Saturday, July 16, 2011

Victories: Restored

Now may God, the source of hope, fill you with all joy and peace as you believe, so that you may overflow with hope by the power of the Holy Spirit. Romans 15:13

What does it take to come to Jesus for healing? When we see the heartaches around us, it is obvious that although Jesus is the answer for every struggle, all too often He is the last resort. Our reaction to suffering is to find a way to end it. Sometimes perhaps we even lift the very weight that may have pressed a hurting soul to Christ. While scripture calls us to be the hands and feet of Christ, our loving must always point only to Jesus Christ. As I wait for a personal, 21st century victory story, I thought perhaps a visit to a first century victory would encourage all of us.

Throughout scripture, we find instruction on needs—and God’s solutions. The woman with the issue of blood in the New Testament offers great insights. The life is in the blood…and her life was continually seeping away. Ostracized from society—a source of contamination for all she contacted--even going to the market would have been impossible. A spouse—even a close friend—who would share her pain was but a distant memory. The isolation and shame of her circumstances were clearly intense. As we consider her experience—the realities of her life, the emotions she would likely have felt and the reactions of others—we can readily see that same reality played out around us daily. Eternal life ebbs away daily in souls held captive by the disease of sin.

Hidden diseases exist long before they grow into life-destroyers; the progression of disease is step-by-step. Chains wrap around souls unseen and unfelt until the prisoner is tightly bound. Shame from self-incrimination and the judgment of others hold the chains fast. Unhealed hurts are especially painful for Christians who fall prey to Satan’s arrows of guilt that they are not trusting Jesus enough. They know all about desperately seeking solutions—usually self-initiated to-do lists, self-powered solutions; and sometimes superstitious, even ridiculous efforts. Research indicates the woman in scripture would probably have followed the Talmudic instructions to find healing: instructions such as locating a barleycorn from the feces of a white, female donkey or carrying the ashes of an ostrich egg. Our modern-day desperate souls have tried equally futile solutions.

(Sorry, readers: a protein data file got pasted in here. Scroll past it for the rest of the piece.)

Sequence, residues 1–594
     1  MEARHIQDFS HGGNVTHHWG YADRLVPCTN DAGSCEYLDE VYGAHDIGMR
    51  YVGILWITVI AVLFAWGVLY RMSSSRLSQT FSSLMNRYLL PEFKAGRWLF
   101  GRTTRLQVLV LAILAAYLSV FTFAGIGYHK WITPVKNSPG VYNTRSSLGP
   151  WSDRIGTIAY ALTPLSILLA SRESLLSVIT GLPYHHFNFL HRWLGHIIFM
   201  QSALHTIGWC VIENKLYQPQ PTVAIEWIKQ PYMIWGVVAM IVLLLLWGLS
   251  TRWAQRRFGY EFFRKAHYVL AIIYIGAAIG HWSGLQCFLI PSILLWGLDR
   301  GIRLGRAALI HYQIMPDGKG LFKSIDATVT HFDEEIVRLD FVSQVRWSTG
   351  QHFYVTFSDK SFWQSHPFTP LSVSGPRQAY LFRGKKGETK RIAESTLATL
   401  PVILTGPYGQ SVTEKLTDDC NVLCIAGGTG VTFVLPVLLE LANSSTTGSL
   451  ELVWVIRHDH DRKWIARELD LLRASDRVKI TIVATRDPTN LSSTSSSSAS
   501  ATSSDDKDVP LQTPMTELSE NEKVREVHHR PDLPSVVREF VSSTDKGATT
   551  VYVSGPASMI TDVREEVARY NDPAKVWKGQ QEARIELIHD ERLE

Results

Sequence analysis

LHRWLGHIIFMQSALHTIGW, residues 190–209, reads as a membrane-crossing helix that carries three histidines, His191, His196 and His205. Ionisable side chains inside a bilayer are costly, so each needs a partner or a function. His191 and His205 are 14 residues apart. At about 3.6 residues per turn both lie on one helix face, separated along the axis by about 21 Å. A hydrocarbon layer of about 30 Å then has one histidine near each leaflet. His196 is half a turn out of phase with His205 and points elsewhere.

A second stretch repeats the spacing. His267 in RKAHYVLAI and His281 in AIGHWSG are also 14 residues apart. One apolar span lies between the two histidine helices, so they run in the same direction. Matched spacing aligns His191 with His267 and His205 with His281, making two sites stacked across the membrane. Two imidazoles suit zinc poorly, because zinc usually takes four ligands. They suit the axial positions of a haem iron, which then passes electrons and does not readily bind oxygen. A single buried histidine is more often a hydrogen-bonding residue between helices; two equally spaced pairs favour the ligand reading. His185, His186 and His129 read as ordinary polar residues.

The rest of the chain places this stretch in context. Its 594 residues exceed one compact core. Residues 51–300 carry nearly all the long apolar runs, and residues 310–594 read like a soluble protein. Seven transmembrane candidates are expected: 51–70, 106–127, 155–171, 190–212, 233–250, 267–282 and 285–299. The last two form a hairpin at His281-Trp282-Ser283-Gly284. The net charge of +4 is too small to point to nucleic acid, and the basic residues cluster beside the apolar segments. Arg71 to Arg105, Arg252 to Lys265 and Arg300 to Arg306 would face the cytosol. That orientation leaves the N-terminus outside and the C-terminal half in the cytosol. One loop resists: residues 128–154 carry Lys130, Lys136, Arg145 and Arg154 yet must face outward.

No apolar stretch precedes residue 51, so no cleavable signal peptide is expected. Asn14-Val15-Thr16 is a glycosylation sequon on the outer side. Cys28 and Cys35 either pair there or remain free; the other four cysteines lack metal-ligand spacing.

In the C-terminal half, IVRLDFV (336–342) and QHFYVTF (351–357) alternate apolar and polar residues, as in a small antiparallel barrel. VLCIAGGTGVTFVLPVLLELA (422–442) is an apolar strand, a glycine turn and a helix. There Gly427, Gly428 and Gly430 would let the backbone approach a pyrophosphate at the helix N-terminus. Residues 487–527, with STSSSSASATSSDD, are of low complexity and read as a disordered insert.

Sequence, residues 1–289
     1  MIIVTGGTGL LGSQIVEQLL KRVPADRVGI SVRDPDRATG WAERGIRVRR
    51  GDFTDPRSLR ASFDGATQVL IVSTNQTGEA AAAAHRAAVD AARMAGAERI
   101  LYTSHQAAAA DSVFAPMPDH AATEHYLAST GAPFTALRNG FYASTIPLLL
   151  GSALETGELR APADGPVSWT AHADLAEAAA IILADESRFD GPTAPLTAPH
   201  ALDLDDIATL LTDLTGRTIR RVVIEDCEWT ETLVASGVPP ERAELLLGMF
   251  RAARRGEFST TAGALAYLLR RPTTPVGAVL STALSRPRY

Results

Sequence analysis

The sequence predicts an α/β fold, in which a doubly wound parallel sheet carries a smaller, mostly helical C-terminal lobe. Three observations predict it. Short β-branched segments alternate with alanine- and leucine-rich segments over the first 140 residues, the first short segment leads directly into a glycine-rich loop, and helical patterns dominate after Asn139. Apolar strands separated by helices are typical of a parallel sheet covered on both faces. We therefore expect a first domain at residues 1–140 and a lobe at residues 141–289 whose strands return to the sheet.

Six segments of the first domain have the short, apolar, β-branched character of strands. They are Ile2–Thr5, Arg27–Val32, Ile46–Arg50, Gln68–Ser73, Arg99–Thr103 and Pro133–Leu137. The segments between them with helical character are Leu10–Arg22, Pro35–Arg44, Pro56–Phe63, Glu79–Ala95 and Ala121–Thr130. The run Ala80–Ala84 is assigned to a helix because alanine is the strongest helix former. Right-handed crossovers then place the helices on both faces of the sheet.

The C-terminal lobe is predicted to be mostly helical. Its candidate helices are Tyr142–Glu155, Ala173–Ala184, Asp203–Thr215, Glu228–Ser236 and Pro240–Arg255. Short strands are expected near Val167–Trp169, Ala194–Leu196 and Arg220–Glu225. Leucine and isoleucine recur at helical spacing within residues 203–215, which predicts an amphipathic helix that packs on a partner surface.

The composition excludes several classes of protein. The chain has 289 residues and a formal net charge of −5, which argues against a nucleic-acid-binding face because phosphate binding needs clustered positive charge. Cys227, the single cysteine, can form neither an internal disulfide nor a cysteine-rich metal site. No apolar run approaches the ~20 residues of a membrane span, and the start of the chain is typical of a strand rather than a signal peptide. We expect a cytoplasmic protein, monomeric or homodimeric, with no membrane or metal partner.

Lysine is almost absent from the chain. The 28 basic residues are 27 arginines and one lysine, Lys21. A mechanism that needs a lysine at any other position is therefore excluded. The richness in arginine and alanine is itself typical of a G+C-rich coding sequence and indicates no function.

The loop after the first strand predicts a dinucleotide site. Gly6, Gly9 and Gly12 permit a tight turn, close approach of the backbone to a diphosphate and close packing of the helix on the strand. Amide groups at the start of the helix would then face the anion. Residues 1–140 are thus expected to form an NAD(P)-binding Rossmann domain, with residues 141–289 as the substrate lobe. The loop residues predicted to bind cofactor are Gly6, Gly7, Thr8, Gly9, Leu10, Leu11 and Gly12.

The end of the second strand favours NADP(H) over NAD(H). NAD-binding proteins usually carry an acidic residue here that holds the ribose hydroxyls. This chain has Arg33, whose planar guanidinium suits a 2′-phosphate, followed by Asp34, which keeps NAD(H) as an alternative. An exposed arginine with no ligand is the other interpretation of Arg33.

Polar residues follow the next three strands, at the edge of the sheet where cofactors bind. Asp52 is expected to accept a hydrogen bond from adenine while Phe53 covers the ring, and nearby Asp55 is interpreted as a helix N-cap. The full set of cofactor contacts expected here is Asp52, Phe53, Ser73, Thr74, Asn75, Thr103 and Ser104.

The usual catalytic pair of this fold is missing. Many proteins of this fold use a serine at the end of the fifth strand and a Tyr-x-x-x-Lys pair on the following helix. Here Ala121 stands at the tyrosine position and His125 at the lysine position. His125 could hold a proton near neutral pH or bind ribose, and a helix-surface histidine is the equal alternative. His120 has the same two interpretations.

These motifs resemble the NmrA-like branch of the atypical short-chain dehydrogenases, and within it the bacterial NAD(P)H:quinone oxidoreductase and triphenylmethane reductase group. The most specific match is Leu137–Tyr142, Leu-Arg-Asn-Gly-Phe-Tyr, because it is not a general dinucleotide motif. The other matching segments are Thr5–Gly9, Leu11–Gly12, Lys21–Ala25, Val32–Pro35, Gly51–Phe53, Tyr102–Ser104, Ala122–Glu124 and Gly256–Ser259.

In our heroine, underlying the disease and its results of loneliness, fear, shame and guilt was hope-filled courage. Only someone with courageous hope would risk the humiliation of public rejection that was probable for an unclean person daring to enter a crowd and touch a revered teacher. The burden of her situation propelled her to risk it all in an audacious attempt for healing. Whether her faith was in Christ or his clothes is a moot point—Jesus met her where she was at and gave her more than she sought. Ignoring the discomfort she felt with His insistence on coming forward, Jesus called her into relationship with Him. Physical healing was accompanied by restored fellowship—with Himself and others. That is our God: the one who does immeasurably more than we can ask or think!

Courage and hope were necessities for our heroine—necessities for any who would seek victory through Christ. It is that hope we must continually seek to instill in hearts—our own and others. Healing is often uncomfortable; but every victory inspires more courage and more victories. How has Jesus drawn you closer? Encourage another by sharing your victory.

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